Shakespeare, James I and Oliver Cromwell were all alive when the Act of Charitable Uses was passed in 1601. Its purpose was to ensure that charitable gifts were spent on charitable purposes, and to shake out “Fraudes, breaches of truste and negligence” by what today we would call charity trustees. Since then, charities have evolved to undertake the wide range of activities that we see today. But their governance is still often based on the law of 1601 – and they are run by a small group of trustees who usually control the appointment of their successors, and are accountable only in extremis to the Charity Commission.
As the government is currently issuing its thoughts about the future of charitable law and the development of the charitable sector, this is a good time to reconsider some of the sector’s fundamentals. We want to explore charitable governance and accountability, and to develop further the discussion about alternative approaches to the governance of charities, and who should control the governance process.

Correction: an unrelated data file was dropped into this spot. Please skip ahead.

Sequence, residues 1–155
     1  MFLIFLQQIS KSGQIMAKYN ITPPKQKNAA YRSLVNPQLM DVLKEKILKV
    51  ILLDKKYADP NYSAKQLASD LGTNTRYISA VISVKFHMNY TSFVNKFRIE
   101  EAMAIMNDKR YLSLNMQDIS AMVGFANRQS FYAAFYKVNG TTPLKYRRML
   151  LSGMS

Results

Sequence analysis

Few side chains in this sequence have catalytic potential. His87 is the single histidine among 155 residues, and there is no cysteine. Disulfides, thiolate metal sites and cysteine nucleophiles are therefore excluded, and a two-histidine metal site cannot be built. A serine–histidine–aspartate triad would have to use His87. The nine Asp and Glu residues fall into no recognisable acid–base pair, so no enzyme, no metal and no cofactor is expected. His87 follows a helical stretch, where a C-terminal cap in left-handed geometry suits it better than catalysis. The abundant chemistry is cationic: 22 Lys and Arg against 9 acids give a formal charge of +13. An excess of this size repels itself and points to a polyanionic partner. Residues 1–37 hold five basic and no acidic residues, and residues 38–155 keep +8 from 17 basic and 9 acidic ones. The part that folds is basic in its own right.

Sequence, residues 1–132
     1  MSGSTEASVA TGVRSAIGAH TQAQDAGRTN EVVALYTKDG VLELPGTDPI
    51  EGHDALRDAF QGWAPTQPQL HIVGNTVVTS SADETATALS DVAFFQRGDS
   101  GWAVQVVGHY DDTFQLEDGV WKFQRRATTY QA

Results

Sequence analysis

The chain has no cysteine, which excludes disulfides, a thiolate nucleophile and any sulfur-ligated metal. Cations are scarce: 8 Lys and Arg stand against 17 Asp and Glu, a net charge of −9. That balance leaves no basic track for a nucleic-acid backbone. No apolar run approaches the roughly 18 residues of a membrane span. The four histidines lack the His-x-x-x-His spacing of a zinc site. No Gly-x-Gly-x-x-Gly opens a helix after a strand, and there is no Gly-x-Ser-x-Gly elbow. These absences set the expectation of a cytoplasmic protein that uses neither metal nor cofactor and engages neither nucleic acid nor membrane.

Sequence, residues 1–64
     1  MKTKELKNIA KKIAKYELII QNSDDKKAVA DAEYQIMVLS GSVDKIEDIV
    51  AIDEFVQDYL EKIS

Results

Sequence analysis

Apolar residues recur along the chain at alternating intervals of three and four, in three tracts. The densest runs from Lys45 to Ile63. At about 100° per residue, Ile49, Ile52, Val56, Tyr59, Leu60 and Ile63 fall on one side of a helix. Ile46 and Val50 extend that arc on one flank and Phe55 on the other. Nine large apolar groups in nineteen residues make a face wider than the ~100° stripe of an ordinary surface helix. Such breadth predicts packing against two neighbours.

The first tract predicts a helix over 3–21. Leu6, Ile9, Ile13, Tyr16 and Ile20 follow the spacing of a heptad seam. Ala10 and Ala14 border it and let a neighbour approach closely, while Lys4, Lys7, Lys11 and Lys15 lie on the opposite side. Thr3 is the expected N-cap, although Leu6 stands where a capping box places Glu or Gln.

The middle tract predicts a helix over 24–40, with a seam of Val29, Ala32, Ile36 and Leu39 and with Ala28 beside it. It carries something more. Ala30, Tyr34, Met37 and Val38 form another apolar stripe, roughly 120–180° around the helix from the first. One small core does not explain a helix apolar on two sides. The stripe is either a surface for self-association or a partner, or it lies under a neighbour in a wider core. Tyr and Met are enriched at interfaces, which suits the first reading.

Specifically, we propose experimentation in different models of charity governance. In a world where charities can have an income ranging from hundreds to hundreds of millions of pounds (Oxfam £187m, Wellcome Trust nearly #400m), and can have widely divergent attributes, it’s time to re-consider how best to govern these organisations.
Today, there are many different types of charity. They have a wide variety of needs and will properly operate in very different fashions. They are often complex organisations, but their trustees frequently have the skills or time to provide only a limited overview. Trustees are also human and have their own idiosyncrasies, which can colour their decision-making.